The bill (HB1259) — which passed the state House of Representatives by a 78-16 vote , and has cleared the state Senate Committee on Judiciary C — would make it a misdemeanor to transmit any Internet communication or other computer communication “with the intent to coerce, abuse, torment, intimidate, harass, embarrass, or cause emotional distress to a person under the age of seventeen.” This applies without regard to whether the message is communicated to the person, to some other individuals, or to the public at large. So under the law, all of these would likely be criminals (though, under a recent amendment the adults could be jailed for up to a year, while the minors could be jailed for up to six months):
- A girl who sends her under-17-year-old boyfriend an e-mail telling him what a schmuck he is for having cheated on her, and hoping that he feels ashamed of himself.
- A blogger, or a newspaper columnist, or an online commentator, who publishes something condemning an under-17-year-old criminal, hoping the criminal feels embarrassed and ashamed as a result.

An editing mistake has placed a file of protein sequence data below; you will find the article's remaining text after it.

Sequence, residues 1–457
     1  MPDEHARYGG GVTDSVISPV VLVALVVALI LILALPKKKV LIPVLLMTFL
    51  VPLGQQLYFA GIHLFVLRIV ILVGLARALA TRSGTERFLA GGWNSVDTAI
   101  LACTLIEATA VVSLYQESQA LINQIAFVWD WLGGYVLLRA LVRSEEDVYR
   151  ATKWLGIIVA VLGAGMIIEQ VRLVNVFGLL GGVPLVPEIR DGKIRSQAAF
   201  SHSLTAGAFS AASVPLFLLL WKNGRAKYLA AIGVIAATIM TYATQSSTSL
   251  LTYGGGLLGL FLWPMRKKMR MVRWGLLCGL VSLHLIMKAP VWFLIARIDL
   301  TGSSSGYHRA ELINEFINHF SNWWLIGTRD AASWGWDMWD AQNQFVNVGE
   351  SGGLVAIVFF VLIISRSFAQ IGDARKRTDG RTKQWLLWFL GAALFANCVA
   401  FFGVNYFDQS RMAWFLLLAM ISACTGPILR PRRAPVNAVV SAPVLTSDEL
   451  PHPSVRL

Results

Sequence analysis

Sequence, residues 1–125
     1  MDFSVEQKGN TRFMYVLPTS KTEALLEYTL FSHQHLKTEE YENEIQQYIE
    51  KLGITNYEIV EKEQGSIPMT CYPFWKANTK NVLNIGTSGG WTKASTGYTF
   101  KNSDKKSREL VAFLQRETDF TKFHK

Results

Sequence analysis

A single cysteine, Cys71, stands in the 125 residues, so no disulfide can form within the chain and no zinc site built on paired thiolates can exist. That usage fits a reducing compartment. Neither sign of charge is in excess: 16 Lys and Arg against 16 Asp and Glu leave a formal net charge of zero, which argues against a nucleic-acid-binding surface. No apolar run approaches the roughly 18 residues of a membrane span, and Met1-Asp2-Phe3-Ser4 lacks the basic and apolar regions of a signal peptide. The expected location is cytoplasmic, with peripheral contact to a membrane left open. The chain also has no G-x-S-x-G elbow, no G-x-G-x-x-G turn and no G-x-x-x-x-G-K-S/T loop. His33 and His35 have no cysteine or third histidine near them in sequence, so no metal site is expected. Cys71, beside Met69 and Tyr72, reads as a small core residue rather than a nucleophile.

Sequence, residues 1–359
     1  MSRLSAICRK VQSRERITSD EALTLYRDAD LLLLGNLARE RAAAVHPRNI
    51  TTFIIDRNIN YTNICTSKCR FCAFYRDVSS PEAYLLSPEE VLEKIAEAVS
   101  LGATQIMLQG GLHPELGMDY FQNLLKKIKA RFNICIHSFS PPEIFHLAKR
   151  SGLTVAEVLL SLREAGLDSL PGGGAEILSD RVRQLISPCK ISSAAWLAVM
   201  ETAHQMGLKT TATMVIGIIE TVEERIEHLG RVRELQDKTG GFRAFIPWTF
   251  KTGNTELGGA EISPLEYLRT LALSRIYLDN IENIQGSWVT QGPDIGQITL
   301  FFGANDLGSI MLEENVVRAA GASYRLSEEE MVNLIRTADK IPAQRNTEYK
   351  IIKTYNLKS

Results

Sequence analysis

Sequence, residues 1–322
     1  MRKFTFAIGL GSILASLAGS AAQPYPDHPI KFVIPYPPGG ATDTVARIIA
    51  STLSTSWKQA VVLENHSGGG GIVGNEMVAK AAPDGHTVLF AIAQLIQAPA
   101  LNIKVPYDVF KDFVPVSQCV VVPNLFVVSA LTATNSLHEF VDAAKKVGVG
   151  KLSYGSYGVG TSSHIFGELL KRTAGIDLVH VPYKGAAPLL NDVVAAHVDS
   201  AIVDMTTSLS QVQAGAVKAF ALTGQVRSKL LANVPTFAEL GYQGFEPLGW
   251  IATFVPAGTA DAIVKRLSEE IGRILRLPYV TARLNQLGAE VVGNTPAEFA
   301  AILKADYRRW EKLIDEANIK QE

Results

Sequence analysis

- A public or private school official e-mailing the parents of an under-17-year-old student a message about the student’s misbehavior, hoping that the student will feel embarrassed and change his ways.
- Parents e-mailing their under-17-year-old children telling the children that they should feel ashamed of some misbehavior.
- A professional or amateur music critic or sports reporter writing a harsh review of an under-17-year-old performer’s or athlete’s behavior, hoping that the review will embarrass the performer or athlete into behaving more ethically, professionally, or competently.
If a legislature thinks there’s a particular class of highly dangerous speech to or about children that needs to be criminalized, it should identify that class, and we can discuss whether a ban on that class of speech is constitutional and practically justified. But this proposal, like others in other jurisdictions, is ridiculously and unconstitutionally overbroad, as I noted shortly after this bill first passed a House committee. (For a response to an argument that such broad speech restrictions are fine because we can rely on prosecutorial discretion, see the Supreme Court’s wise words on the subject.)